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This month’s cover story "Unwelcome Tourists," explores the rise of invasive species and what PMPs can do to help slow the spread of these exotic pests. Learn more about new invasive species and well established foreign invaders.

Anne Nagro | October 23, 2012

This month’s cover story "Unwelcome Tourists," explores the rise of invasive species and what PMPs can do to help slow the spread of these exotic pests. Below is a review of both new invasive species and well established foreign invaders, including:

Caribbean Crazy Ant/Brown Hairy Crazy Ant/Rasberry Ant (Nylanderia pubens)
Found in Florida, Texas and the Gulf Coast, this invasive has potential to spread more, said Buczkowski. Huge colonies with millions of workers make it a big problem in urban areas. “The numbers are outrageous,” said Prentice. “All you can hope for is suppression to keep them out of the home.” University of Georgia Entomologist Dr. Dan Suiter expects them to appear in Georgia. Little is known of this ant’s biology, reported Texas A&M University, which is investigating food source attraction, colony growth and immature development.

Bed Bug (Cimex lectularius)
All but eradicated in the 1950s and back on the scene in the late 1990s, bed bugs are “definitely invasive,” said Dr. Dan Strickman, national program leader for the USDA’s Agricultural Research Service. DNA analysis by Dr. Warren Booth of North Carolina State University confirms the pests are not from a local source but most likely came from outside the U.S. Their reappearance coincides with increased traffic with the Middle East — where they’re very common — following 9/11, Strickman said.

Brown Marmorated Stink Bug (Halyomorpha halys)
Found in 36 states, this bug was first identified in Pennsylvania in 2001. It likely arrived on packing materials from China in the late 1990s. “They’re excellent hitchhikers,” said USDA-ARS Research Entomologist Dr. Tracy Leskey. The agricultural pest becomes a nuisance when it seeks structural cracks and crevices in which to overwinter. Last year, National Wildlife Foundation Senior Scientist Doug Inkley removed 26,056 adult stink bugs from his house. Leskey is unsure what populations will number this year or if the bugs will establish in states with arid climates. “I don’t have any doubt they’re in Texas,” said Green Gator Pest Control Owner Wayne Grush. “They just haven’t been identified yet.”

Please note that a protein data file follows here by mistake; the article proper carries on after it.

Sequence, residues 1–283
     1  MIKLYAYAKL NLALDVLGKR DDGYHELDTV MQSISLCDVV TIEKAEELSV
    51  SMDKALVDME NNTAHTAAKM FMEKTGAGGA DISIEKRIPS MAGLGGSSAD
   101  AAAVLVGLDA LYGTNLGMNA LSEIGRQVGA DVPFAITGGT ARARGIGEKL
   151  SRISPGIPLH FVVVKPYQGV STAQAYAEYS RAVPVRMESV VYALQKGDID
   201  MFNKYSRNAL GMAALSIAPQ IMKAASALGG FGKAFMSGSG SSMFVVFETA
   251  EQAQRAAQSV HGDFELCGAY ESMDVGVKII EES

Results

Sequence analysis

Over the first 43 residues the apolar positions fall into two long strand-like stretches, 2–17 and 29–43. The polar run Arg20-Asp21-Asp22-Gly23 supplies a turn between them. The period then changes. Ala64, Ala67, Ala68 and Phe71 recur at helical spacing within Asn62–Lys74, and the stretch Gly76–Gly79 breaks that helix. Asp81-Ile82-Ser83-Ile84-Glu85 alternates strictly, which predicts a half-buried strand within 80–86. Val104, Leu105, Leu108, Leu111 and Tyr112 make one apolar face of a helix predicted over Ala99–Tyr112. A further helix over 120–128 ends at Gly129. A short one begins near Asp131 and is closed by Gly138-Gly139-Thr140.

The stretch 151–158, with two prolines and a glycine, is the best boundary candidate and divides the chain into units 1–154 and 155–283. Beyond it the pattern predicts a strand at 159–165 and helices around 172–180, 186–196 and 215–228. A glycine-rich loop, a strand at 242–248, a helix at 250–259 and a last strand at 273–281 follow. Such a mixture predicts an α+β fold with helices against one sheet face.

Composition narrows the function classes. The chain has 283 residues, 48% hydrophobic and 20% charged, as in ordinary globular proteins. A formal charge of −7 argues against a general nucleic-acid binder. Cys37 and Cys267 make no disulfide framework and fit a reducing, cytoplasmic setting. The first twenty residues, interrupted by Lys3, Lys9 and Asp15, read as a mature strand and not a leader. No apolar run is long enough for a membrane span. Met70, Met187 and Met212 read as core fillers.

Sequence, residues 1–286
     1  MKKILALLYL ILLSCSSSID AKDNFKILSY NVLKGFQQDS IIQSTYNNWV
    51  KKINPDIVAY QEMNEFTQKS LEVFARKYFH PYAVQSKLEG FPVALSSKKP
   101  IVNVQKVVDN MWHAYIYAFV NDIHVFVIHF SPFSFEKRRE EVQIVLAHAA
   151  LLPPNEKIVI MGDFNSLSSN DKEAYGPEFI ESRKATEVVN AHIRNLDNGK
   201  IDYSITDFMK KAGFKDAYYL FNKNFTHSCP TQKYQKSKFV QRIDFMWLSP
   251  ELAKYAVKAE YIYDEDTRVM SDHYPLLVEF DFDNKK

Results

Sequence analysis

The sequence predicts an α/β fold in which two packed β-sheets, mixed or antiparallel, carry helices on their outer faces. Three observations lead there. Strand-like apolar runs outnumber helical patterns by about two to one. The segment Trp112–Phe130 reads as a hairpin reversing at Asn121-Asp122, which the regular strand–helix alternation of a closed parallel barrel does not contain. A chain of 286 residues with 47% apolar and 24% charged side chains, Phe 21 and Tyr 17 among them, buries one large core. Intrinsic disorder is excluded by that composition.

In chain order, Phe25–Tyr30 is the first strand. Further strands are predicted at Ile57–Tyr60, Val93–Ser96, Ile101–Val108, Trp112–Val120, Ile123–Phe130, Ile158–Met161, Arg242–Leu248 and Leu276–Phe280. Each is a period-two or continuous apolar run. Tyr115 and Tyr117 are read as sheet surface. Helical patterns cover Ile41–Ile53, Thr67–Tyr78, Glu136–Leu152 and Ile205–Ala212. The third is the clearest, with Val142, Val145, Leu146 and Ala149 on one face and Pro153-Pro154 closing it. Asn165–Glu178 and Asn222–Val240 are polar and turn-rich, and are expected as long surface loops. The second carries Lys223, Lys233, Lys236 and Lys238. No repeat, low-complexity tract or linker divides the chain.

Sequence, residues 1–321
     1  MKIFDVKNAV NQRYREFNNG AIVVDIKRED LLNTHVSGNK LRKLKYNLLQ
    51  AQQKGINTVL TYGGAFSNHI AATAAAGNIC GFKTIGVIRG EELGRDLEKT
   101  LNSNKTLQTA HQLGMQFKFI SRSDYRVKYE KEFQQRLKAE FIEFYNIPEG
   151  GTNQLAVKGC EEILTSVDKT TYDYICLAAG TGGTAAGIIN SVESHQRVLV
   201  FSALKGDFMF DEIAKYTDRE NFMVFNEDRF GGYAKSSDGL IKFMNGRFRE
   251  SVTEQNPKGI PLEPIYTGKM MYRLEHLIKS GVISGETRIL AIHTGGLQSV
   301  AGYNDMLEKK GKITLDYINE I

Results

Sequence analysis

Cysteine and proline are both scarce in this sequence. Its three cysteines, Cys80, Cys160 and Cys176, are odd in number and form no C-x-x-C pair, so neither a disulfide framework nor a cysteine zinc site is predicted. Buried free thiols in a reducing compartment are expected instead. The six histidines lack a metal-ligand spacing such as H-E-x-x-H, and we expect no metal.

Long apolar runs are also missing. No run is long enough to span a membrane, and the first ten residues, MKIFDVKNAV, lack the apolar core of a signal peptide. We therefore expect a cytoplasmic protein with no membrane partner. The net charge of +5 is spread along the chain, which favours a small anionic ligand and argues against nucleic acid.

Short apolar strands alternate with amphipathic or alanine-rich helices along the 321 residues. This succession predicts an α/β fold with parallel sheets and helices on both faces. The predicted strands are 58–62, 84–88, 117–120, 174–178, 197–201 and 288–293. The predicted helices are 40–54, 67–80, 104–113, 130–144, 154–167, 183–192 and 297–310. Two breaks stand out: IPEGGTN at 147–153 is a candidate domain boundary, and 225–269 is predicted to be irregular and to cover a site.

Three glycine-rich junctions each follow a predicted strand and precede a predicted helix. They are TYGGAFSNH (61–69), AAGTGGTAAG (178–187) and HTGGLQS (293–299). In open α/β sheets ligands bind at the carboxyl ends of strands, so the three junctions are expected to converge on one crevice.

Kudzu Bug (Megacopta cribraria)
Discovered in Atlanta in October 2009, this bug likely arrived from Japan by airplane, because it’s since been found in outbound airplanes in Wisconsin, Minnesota and California, as well as in cargo shipped to Honduras, said Suiter. The pests are a nuisance when they look for places on structures to overwinter. Exclusion is “really all you can do,” said Killingsworth Environmental President Mike Rogers in Charlotte, N.C. “There’s no residual that’s going to have any long lasting effect.” They were not introduced to eat kudzu — “the vine that ate the south” — though they have reduced this invasive plant’s growth significantly. They also feed on soybeans, and have reduced crop yield 20 percent in southern states. “Time will tell” if it can survive without its host plant, but Midwest soybean farmers are worried, said Suiter.